Meanwhile, Melody and James ran into Shawnee's kitchen, hoping to escape through the back door. The door was jammed and would not open. Shawnee, while attempting to collect her children, began pleading with defendant. Defendant shot her in the head. Next, defendant turned and pointed the gun at Melody. She fell to the floor. Defendant pointed the gun at James and said, "You next." James grabbed the gun, and he began wrestling with defendant. During this time, James heard the gun "click." Defendant broke free and struck James with the gun. Defendant fled, and James attempted to follow. Melody escaped while James struggled with defendant and ran to a neighbor's house to call the police. An officer with the University City Police Department arrested defendant at his home. Both Arthea Sanders and Shawnee Murphy died as a result of their wounds.

At trial, a firearms examiner employed by the St. Louis County Police Department Crime Laboratory testified that he analyzed six spent shell casings and five recovered rounds from the crime scene and from the body of Shawnee Murphy. From his study of the casings and recovered bullets, the examiner concluded that they were most likely .380 caliber bullets fired by a Davis pistol. Furthermore, he explained, this weapon would hold six rounds if one was loaded into the chamber and the magazine was full. He further testified that when empty, pulling the trigger causes the gun to make a clicking sound.

Defendant testified in his own defense. He said that when he retrieved the gun from his car, he "just snapped." He stated that he did not intend to hurt anyone. Defendant also testified that he did not even remember shooting either Shawnee or Carmelita. In addition, defendant maintained that his memory also failed him when trying to recall his fight with James Johnson.

The jury found defendant guilty on all counts. During the penalty phase, the jury recommended he be sentenced to death for the murders of Arthea Sanders and Shawnee Murphy. To sustain a sentence of death, the jury found that the murder of Shawnee Murphy was committed while defendant was engaged in the unlawful commission of another unlawful homicide, that of Arthea Sanders and vice-versa.


Defendant argues that the trial court improperly sustained the state's motion to strike a venireperson for cause due to her views on capital punishment. He contends this deprived him of his rights to an impartial jury, due process, and freedom from cruel and unusual punishment under both the United States and Missouri Constitutions. The standard for reviewing the exclusion of a venireperson during the death-qualification phase of jury voir dire is whether the venireperson's views would prevent or substantially impair the performance of the duty as a juror in accordance with the instructions and the oath. Wainwright v. Witt, 469 U.S. 412, 105 S.Ct. 844, 852, 83 L.Ed.2d 841 (1985); State v. Barnett, 980 S.W.2d 297, 303 (Mo. banc 1998), cert. denied, ___ U.S.___, 119 S.Ct. 1074, 143 L.Ed.2d 77 (1999). This Court will not disturb the trial court's ruling on the qualification of a juror unless it is clearly against the evidence and is a clear abuse of discretion. Barnett, 980 S.W.2d at 303.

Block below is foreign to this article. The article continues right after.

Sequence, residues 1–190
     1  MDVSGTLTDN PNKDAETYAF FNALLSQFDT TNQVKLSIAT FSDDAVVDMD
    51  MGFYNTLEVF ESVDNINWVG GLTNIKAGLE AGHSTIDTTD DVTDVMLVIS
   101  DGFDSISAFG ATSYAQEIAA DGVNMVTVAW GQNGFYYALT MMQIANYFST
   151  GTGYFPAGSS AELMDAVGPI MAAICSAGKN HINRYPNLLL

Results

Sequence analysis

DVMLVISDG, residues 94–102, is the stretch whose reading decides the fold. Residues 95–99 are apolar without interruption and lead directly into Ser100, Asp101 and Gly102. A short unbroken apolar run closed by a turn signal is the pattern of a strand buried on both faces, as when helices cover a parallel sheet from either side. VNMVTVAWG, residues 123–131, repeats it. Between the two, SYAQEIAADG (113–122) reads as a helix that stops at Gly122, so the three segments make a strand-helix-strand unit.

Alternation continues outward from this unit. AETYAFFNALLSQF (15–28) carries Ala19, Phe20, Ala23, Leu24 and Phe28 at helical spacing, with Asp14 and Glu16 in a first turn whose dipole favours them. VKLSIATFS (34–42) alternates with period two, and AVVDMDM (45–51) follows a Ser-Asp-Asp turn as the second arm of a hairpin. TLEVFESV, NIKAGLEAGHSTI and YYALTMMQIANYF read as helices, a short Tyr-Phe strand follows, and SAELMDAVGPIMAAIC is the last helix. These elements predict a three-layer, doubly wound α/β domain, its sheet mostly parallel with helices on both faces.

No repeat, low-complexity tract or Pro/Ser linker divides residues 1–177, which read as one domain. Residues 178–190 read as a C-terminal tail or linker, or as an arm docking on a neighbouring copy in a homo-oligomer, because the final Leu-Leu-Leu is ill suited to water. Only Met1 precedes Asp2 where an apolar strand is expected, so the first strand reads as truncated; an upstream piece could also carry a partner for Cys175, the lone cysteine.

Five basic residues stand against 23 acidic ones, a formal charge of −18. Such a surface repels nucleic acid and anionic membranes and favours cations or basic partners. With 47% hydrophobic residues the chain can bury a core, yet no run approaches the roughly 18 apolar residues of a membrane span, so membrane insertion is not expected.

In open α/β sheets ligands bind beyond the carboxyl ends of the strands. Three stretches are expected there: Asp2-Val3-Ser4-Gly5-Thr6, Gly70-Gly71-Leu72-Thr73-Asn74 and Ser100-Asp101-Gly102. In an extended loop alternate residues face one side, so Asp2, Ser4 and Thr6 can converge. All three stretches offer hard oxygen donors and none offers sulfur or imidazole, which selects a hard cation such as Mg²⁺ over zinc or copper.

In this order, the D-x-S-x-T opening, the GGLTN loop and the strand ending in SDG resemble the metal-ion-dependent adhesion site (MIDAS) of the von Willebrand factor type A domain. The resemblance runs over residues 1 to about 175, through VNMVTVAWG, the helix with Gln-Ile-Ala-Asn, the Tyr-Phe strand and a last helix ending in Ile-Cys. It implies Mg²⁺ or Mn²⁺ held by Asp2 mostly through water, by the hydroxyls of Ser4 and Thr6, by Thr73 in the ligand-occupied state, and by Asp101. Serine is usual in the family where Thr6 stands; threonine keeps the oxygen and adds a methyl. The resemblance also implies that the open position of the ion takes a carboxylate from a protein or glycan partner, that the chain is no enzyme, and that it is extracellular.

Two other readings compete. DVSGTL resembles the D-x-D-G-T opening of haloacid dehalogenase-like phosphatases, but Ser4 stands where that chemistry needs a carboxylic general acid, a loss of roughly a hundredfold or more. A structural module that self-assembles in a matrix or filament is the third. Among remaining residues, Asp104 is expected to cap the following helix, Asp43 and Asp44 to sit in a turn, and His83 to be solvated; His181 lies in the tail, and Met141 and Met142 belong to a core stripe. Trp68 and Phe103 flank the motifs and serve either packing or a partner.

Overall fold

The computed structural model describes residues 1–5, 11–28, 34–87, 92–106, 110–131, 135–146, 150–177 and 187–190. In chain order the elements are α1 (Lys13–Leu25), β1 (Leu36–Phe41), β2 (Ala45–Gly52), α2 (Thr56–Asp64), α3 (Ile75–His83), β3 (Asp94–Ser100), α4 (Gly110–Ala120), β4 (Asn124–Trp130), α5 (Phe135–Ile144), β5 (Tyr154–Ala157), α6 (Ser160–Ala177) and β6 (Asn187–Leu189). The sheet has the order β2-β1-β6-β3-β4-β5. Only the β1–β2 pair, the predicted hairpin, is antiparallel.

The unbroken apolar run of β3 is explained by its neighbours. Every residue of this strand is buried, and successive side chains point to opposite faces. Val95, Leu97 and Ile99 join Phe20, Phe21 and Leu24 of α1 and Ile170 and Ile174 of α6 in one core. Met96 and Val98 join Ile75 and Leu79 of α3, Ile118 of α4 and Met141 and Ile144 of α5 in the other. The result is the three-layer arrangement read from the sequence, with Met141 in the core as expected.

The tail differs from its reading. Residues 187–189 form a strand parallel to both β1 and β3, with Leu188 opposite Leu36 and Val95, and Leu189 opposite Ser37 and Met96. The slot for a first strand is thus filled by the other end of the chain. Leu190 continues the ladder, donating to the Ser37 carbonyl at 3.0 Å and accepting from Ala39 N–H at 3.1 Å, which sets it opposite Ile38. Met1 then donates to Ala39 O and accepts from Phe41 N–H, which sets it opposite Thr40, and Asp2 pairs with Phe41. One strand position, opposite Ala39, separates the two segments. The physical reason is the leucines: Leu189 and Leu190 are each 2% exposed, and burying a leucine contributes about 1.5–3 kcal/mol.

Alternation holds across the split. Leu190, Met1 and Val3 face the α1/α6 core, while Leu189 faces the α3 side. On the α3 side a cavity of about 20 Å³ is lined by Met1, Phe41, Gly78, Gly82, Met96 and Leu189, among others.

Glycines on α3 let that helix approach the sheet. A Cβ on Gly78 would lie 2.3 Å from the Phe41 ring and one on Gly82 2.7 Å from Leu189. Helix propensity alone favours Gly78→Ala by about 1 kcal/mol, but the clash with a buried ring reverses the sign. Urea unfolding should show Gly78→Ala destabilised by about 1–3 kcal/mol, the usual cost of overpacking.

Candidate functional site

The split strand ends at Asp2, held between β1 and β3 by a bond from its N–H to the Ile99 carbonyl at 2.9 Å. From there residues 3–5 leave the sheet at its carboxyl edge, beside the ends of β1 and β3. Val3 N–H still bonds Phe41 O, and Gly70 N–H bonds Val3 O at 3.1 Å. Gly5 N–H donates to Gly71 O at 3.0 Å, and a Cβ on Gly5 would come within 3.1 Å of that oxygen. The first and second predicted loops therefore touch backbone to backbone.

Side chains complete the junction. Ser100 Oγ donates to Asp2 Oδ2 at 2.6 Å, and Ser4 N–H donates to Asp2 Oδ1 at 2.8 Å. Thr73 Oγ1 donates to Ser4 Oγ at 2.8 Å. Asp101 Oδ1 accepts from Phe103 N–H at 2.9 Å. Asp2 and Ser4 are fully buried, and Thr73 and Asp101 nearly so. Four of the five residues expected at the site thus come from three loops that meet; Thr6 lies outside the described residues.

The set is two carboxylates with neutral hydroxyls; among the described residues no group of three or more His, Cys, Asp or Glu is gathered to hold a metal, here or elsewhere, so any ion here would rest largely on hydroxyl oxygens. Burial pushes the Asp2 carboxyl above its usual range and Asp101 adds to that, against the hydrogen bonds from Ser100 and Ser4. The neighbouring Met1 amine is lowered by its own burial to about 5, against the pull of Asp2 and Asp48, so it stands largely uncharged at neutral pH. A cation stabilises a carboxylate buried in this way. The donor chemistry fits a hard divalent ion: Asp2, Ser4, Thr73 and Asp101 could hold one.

In this case, defendant argues the trial court abused its discretion because venireperson Stokes' initial reluctance to consider the death penalty was somehow eliminated or overshadowed by her willingness to follow the court's instructions and to follow the law. When the prosecution asked Stokes whether she could consider both life without parole and the death penalty, she replied, "That's tough." The record further reveals:

PROSECUTION: It's not supposed to be an easy decision.
STOKES: I probably would have to say no.
* * *
STOKES: No. No. I'm a nurse. I been sic a nurse for 35 years. It would be extremely difficult for me under any circumstance cause sic I spent my life taking care of people. To say that I could impose the death penalty, I just don't think I could.
* * *

Defendant, however, claims Stokes' later responses indicate a willingness to impose the death penalty.

DEFENSE COUNSEL: Nothing. All that you have to do is to be able to give meaningful consideration to that and life without parole. Can you give meaningful consideration and follow the court's instructions?
STOKES: I believe I could.
DEFENSE COUNSEL: All right. And you can follow the law in the case, is that correct?
STOKES: Um-hum.
* * *
DEFENSE COUNSEL: All right. And then finally, in my death penalty case there will be — well, let me put it this way: if on Saturday morning as Ms. Constantin's saying, she believes she's going to be up here asking for the death penalty. Is there anyone that feels just because we've gotten that far that the imposition of the death penalty must then follow? Another way, Ms. Brown, if we get to the second stage you don't